Empty Nest Syndrome

The youngest arrived on Saturday morning and left to return to London this afternoon. It was a quick visit but we managed to squeeze in a trip to see my mother, a meal out, a visit to the cinema and a good old fashioned Sunday dinner. It all felt very busy, although the youngest has never been loud, the house was noisier than we have become accustomed to, and there just wasn't as much time to spend together as we would have liked. Seeing her off at the station was a moving experience but, of course, it's only a few more weeks until she'll be home for a month. Upon my return and, solely out of interest I assure you, I found myself looking up Empty Nest Syndrome on Wikipedia.  Apparently all parents are susceptible but those who are dealing with other stressful events such as, and it cites "retirement" as a specific example, are particularly vulnerable! Oh dear! However, it does point out that coping mechanisms include pursuing one's own hobbies an

Shopping and Packing

I don't go shopping any more. Well that's not quite true but when you live 10 miles from the local town and you're not going in every day to work, the High Street and its shops begin to acquire a rarity value. Yes, we still eat, so yes we still visit the supermarket (although to be honest now even find the time to browse delicatessens, butchers and greengrocers which do actually still exist). What I don't do so often is impulse buy; with 5 lunchtimes a working week, there was an inevitable temptation to do so when the real motive, of course, was simply to pop out for a breath of fresh air. Now a shopping trip is pre-planned and has a purpose. As a result I go into shops less frequently than before and there is an objective for each visit. This week, however, I was side-tracked. Perhaps it was the large sign saying 50% off or maybe, knowing that my suitcase virtually fell apart on our return flight from Greece last month, I was sub-consciously looking out

Isolation, Pressure and Compromises

I t would be wonderful if this was a picture of my greenhouse and garden but it was actually taken in the Royal Botanical Gardens in Edinburgh last week. Still I have been working on my own autumnal vegetation and, bit by bit, that end of season tidy-up is beginning to show results. The dip in temperatures this week means that, with the weather staying dry, there has been time each day to devote to:  Chores and creativity indoors, and  Pruning, shredding, digging and creativity outdoors, once the air temperature has warmed and before the sun disappears in what almost seems like the mid-afternoon. I know that there are people who insist that there is no such thing as bad weather, only inappropriate clothing. However those same people generally don't go hot air ballooning when it's blowing a hurricane outside or cook a Sunday roast when it hits 30 degrees and everyone else is tucking into salad on the patio. The great thing I've discovered about this time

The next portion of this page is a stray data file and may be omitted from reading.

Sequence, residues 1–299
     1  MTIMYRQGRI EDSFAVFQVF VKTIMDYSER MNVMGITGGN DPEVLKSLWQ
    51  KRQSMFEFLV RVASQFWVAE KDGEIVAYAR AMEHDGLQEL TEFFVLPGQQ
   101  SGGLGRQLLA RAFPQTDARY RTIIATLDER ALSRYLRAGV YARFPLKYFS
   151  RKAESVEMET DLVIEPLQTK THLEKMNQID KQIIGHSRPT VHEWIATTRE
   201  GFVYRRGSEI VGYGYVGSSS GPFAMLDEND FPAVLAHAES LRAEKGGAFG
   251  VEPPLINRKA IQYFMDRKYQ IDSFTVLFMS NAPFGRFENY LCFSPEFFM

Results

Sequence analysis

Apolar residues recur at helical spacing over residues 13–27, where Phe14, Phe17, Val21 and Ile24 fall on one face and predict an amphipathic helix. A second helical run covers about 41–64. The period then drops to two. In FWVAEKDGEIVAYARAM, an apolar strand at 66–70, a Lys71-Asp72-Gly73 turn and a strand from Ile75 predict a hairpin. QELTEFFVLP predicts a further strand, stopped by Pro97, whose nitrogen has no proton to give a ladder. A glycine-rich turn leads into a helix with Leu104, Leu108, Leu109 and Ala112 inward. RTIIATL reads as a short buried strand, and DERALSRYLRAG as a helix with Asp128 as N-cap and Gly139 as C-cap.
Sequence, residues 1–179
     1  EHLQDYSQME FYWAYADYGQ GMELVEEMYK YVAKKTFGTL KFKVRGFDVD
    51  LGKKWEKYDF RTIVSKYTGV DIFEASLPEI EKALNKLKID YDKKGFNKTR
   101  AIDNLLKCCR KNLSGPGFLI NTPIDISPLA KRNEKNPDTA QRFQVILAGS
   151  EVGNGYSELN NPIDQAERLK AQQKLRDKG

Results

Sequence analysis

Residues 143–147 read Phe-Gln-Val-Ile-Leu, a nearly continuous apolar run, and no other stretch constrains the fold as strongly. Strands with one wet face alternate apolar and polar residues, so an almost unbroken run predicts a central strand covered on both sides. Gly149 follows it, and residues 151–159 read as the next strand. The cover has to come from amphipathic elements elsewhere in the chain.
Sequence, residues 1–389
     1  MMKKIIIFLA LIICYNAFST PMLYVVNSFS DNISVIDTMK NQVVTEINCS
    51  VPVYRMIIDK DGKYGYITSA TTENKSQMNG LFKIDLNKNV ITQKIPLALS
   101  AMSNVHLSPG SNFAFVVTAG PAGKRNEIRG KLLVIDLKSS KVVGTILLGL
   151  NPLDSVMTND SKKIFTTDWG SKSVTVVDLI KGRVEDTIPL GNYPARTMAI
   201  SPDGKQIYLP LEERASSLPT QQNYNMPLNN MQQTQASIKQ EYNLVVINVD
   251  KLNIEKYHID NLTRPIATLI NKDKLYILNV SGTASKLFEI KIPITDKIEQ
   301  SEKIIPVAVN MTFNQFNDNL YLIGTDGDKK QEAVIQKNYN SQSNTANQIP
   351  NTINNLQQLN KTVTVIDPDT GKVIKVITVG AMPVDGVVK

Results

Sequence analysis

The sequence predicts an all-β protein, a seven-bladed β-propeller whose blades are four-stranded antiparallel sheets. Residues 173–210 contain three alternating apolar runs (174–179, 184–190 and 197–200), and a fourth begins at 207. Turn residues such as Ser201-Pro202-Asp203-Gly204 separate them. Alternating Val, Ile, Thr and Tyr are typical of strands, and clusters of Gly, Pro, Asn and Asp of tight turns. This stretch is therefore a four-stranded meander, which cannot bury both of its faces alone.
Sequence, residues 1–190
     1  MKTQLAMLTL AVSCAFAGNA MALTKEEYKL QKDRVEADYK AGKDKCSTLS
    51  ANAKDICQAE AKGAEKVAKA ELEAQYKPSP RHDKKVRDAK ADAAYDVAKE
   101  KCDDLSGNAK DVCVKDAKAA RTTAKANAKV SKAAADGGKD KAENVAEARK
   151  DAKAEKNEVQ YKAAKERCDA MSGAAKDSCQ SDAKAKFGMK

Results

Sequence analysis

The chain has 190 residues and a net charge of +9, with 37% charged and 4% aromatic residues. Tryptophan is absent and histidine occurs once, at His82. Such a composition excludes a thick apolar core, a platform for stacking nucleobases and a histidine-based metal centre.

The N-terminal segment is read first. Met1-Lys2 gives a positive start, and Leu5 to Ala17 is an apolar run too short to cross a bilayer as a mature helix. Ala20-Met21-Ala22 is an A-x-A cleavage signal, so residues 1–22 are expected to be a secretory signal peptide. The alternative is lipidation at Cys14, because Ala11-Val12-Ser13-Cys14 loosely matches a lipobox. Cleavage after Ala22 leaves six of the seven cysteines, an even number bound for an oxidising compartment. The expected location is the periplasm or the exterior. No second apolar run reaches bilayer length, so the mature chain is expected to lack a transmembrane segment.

End of October

I t was the warmest Halloween day on record today apparently. Certainly my memories of carving turnip (we had never seen a pumpkin) lanterns as a child is always against a background of duffle coats and scarves and perhaps occasionally a touch of snow too. This year I have actually succeeded in growing pumpkins, both in my greenhouse and outside, as we have revelled in one of the driest summers for several years. I know you have no control in these matters but it really was a superb summer, weather-wise, to retire. Now of course, record or no record, the nights are drawing in and there have been rain showers a plenty over the last few weeks as well as some strong, blustery northerly winds. Mind, such weather is not unwelcome. My garden may have been looking great during the last few months but it has been at the expense of neglecting the interior of my home as well as some much needed household "admin." So this week I have been able to find time to concentrat

An Exhibition of Modern Art

Last Sunday we went to Edinburgh for two days. One of the highlights was visiting the National Gallery of Modern Art where there is currently an exhibition entitled Generation - 25 years of Contemporary Art in Scotland. Well I'll give retirement its due. I now discover that not only do I have the time to enjoy a display of this kind but also, now my brain is no longer cluttered by work related issues, I can actually remember the exhibits and continue to derive excitement from the memory of them. Like all displays of modern art there are always some that you look at and think well I could have done that myself - the handwritten adverts for cheap package holidays of the kind displayed in many travel agents, are a case in point. There are others where I am still puzzling over the meaning and especially, in this context, the videos.  To come away from an art gallery, however, and still be buzzing about it several days later is a real high. Proof indeed that art really i

Pounding Pavements